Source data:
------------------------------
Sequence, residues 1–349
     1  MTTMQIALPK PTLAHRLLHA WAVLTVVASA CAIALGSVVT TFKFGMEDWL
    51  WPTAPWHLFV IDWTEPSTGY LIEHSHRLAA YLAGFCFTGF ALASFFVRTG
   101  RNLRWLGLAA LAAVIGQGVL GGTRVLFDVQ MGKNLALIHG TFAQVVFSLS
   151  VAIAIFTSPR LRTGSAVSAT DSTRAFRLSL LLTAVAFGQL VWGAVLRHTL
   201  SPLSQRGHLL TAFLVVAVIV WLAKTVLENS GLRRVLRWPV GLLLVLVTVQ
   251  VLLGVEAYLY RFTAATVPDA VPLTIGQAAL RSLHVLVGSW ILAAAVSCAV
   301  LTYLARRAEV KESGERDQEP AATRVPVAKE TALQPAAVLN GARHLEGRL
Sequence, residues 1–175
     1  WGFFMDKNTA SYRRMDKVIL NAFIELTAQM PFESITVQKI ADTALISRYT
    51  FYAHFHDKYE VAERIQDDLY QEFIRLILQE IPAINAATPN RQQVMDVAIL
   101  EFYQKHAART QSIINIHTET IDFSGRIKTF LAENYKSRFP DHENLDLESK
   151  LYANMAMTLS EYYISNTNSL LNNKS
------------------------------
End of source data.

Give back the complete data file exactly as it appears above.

Sequence, residues 1–349
     1  MTTMQIALPK PTLAHRLLHA WAVLTVVASA CAIALGSVVT TFKFGMEDWL
    51  WPTAPWHLFV IDWTEPSTGY LIEHSHRLAA YLAGFCFTGF ALASFFVRTG
   101  RNLRWLGLAA LAAVIGQGVL GGTRVLFDVQ MGKNLALIHG TFAQVVFSLS
   151  VAIAIFTSPR LRTGSAVSAT DSTRAFRLSL LLTAVAFGQL VWGAVLRHTL
   201  SPLSQRGHLL TAFLVVAVIV WLAKTVLENS GLRRVLRWPV GLLLVLVTVQ
   251  VLLGVEAYLY RFTAATVPDA VPLTIGQAAL RSLHVLVGSW ILAAAVSCAV
   301  LTYLARRAEV KESGERDQEP AATRVPVAKE TALQPAAVLN GARHLEGRL
Sequence, residues 1–175
     1  WGFFMDKNTA SYRRMDKVIL NAFIELTAQM PFESITVQKI ADTALISRYT
    51  FYAHFHDKYE VAERIQDDLY QEFIRLILQE IPAINAATPN RQQVMDVAIL
   101  EFYQKHAART QSIINIHTET IDFSGRIKTF LAENYKSRFP DHENLDLESK
   151  LYANMAMTLS EYYISNTNSL LNNKS